Medicaid solution is a health-care solution
Nearly 30 percent of the population of Mesa County receives health-care coverage through Medicaid. If you add the subsidized products available through the healthcare exchange, it’s closer to 40 or 50 percent of the population that relies on government-funded health care.
Thankfully, over the course of decades, we’ve distinguished ourselves as a community that maximizes health-care outcomes by providing Medicaid patients with mainstream access to the same network of physicians available to anyone.
The idea is simple: By emphasizing preventive care, the Western Slope Medicaid model seeks to keep people healthy and avoid the costlier expense of disability or treating disease.
And it works. When the state of Colorado agreed to an expansion of Medicaid under the Affordable Care Act, it sought to change the Medicaid payment model and delivery system.
The state adopted a proposal put forth by a Western Slope team of Rocky Mountain Health Plans, providers, physicians and hospitals that had already achieved distinction for its prevention-based approach to containing costs.
Moving from a volume-based model that reimbursed providers for every service they delivered, the new model provides incentives for providers to stay within a fixed budget that’s based on the number of Medicaid patients in the system. If they exceed spending limits, providers eat the cost. But if they stay under budget and hit targets for wellness outcomes, funds are returned to the state and a portion are returned to the community.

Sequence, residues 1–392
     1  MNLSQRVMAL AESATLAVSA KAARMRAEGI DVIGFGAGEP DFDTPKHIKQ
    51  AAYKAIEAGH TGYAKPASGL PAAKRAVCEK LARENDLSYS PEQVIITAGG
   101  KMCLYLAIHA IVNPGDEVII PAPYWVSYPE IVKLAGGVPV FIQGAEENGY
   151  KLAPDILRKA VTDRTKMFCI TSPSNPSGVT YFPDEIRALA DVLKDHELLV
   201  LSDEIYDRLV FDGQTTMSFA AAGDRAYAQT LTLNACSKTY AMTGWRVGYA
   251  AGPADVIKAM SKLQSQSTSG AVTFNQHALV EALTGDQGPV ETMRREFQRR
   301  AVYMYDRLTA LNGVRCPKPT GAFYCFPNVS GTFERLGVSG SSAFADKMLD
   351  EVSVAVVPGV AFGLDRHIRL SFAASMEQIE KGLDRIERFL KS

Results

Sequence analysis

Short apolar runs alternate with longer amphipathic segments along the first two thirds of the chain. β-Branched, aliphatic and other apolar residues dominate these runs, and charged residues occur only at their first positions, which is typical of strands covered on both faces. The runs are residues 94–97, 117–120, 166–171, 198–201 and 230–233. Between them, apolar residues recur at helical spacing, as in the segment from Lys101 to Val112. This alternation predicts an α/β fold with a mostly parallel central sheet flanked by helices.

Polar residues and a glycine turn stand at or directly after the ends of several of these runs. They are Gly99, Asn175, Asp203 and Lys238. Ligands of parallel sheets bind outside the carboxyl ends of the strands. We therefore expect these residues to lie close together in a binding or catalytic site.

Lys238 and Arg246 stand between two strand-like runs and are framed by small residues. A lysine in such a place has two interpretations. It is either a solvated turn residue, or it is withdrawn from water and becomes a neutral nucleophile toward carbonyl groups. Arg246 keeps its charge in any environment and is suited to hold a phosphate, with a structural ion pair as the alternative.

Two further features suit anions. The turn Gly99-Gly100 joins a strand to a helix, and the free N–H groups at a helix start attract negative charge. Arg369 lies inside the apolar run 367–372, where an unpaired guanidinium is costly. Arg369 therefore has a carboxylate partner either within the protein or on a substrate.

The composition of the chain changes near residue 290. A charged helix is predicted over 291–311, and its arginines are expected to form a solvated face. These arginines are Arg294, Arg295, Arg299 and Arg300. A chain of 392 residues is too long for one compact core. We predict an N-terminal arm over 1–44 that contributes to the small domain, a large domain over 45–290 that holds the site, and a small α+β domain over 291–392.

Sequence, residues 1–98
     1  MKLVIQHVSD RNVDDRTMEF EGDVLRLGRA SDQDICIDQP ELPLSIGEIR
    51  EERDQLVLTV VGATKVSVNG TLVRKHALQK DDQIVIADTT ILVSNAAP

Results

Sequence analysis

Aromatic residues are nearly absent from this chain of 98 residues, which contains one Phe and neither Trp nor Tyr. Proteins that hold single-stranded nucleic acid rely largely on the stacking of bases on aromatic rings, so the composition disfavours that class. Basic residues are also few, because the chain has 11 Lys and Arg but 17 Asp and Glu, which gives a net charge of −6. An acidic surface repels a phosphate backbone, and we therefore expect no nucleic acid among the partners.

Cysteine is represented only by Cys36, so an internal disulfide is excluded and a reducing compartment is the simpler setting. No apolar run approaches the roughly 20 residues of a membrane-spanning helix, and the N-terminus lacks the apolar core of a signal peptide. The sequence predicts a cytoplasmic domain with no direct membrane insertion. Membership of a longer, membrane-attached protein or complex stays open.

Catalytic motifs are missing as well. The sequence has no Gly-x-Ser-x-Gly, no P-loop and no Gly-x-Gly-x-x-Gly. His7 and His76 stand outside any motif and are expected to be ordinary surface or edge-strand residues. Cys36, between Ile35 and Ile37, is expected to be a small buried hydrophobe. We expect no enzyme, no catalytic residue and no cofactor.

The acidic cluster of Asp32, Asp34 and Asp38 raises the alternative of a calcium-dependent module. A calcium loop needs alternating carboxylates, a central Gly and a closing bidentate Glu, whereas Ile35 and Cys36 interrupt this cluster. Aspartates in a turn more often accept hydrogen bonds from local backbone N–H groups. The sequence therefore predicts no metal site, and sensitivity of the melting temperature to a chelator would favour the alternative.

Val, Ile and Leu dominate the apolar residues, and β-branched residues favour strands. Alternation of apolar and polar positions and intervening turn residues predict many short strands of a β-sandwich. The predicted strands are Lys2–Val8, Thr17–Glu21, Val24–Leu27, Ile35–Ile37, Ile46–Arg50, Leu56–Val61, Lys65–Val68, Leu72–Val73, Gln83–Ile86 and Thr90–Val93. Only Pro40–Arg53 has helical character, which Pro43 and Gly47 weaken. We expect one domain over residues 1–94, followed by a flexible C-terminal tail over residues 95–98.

The only way to make this approach successful is to better get ahead of the root causes and behaviors that lead to debilitating disease and expensive treatment.
The Rocky team has achieved financial targets for two budget cycles. Last year the system returned $5 million to the community to be reinvested in primary care and mental health.
It was rewarded for this strong performance with a grant that will accelerate the evolution of this community-based health-care model. Rocky Mountain Health Plans will coordinate distribution of $4.5 million over the next five years from the Centers for Medicare and Medicaid Services to improve communication and data sharing among physicians, nonprofits, human-services agencies and others to provide better, and ultimately, less expensive, care.
In essence, the Rocky consortium is getting at the root drivers of health-care outcomes and costs. Coverage is just the tip of the iceberg. It’s the gaps, risks and behaviors that occur “upstream” — before a patient sees a doctor — that can be costly.
“Even if we went to a perfectly efficient system, it would still only drive about 10 percent of future costs,” said Patrick Gordon, associate vice president of community integration for RHP. “Behavior, environment, social factors — those are the things that really dictate whether the cost curve is accelerating or moderating.
“So this work that we’re taking on is very important,” he added. “Many people in health care are focused on that now. What’s different is that this community is actually organized enough to do something about it, which is why we had this recent recognition.”
This approach has focused on lowering costs for Medicaid patients, but it provides solutions for health care at large. The grant will allow the Rocky consortium to better align the health-care system with human services and further bend the cost curve.